Mavericks look like they’re imploding after ‘dog s***’ effort in loss to the lowly Hornets

The Mavericks are now 11th in the Western Conference standings and at risk of missing the playoffs completely.

·4-min read

Friday night was awful for the Dallas Mavericks.

The Charlotte Hornets, who entered the game as massive 15.5-point underdogs, absolutely dominated the Mavericks 117-109 at the American Airlines Arena in Dallas. The Hornets, despite being on the back end of a back-to-back series and being short several key players, put up 37 points in the first quarter and led almost the entire game. At one point, they even built up a huge 21-point lead in the third quarter.

While the Mavericks cut the lead to a single point briefly in the fourth quarter, the Hornets responded with a 10-0 run and pushed to the 8-point win. According to ESPN, the loss was the biggest upset of the season.

Fans in Dallas, understandably, essentially booed the Mavericks off the court.

“It was awful. Dog s***,” Mavericks coach Jason Kidd said, via the Dallas Morning News’ Callie Caplan. “I think just understanding the talk before the game of what we’re playing for — playoffs or championship — and to come out in that first half, but more or less that first quarter, and give up 37 [points].

“The interest level just wasn’t high. It was just … disappointing.”

The loss was the third straight for the Mavericks, and the sixth loss in their last eight games. It also dropped Dallas to No. 11 in the Western Conference standings with just eight games left in the regular season.

While there are nine teams in the Western Conference within just a few of games of each other in the standings, the Mavericks are now at risk of missing the playoffs altogether.

“We got to fight hard, play harder. That’s about it,” said Luka Dončić, who put up 34 points and 10 rebounds in the loss, via ESPN. “We got to show we care and it starts with me first. I’ve just got to lead this team, being better, playing harder. It’s on me.”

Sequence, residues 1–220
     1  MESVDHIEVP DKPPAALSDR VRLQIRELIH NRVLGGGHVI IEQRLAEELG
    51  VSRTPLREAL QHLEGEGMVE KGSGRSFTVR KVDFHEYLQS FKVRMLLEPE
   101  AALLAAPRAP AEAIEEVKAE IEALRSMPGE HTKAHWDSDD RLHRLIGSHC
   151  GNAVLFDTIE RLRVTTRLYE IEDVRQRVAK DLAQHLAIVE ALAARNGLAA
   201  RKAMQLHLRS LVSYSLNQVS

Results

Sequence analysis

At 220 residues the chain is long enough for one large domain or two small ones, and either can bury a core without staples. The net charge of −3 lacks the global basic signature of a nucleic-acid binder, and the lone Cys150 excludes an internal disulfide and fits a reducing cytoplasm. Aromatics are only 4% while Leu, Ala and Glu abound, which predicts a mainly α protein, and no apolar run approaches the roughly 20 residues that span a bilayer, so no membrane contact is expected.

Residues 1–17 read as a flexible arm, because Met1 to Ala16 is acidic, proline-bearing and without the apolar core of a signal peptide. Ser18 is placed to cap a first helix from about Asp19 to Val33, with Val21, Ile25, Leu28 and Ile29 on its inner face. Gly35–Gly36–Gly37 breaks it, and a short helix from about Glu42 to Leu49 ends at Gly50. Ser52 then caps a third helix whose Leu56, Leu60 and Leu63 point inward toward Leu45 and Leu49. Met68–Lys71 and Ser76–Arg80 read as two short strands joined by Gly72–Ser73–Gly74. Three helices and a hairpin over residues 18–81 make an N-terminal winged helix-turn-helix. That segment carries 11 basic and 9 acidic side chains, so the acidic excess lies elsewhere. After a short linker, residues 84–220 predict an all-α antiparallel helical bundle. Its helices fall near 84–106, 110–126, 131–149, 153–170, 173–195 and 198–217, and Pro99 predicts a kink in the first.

Luka Dončić of the Dallas Mavericks
Luka Dončić and the Dallas Mavericks are now at risk of missing the playoffs completely. (Sam Hodde/Getty Images)

Luka Dončić isn’t having fun anymore, and that's concerning

Dončić and Kyrie Irving have not meshed well on the court since Irving arrived in Dallas earlier this year.

The Mavericks are just 7-12 since Irving landed with the Mavericks in the huge trade with the Brooklyn Nets, and the team is just 3-7 when both Irving and Dončić play together.

Though he didn’t get into specifics as to why, saying only that there are some issues in his personal life, Dončić isn’t having fun playing anymore. And with just a handful of games left in the regular season, that's not something you want to hear from someone who was once in the thick of the MVP race as the Mavericks try to scramble to even make the postseason.

“I think you can see it with me on the court,” Dončić said, via ESPN. “Sometimes I don’t feel it’s me. I’m just being out there.

“I used to have really fun, smiling on the court, but it’s just been so frustrating for a lot of reasons, not just basketball.”

Now both Dončić and Irving have dealt with various injuries in recent weeks, which has undoubtedly complicated the adjustment process between the two. Irving, who finished with 18 points in the loss and shot just 1-of-8 from behind the arc, said they’re still working on their connection.

“We're still feeling each other out in a way of getting used to each other's efforts and attitudes and temperament,” Irving said, via ESPN. “And that's a real thing. That's a human thing. That's a human element. Whether people believe it in basketball or not, there's a very fine line between winning basketball games and everyone being on the same page and losing basketball games and things splintering and pointing fingers."

As for the boos the Mavericks received from their own fans, which Kidd said were justified and even should have come sooner than they did on Friday night, Irving insists he doesn’t care.

“You obviously want to play well, but it’s only five people on the court that can play for the Dallas Mavericks,” Irving said, via ESPN. “If the fans want to change places, then hey, be my guest. Got years of work ahead to be great enough to be on this level. But our focus isn't necessarily on the boos. It should be on our performance and just being there for each other."

Regardless of their reasoning or logic, Irving and Dončić have just a few games to get it together. Otherwise, the team that reached the Western Conference finals just a year ago will be packing it up in just a couple of weeks.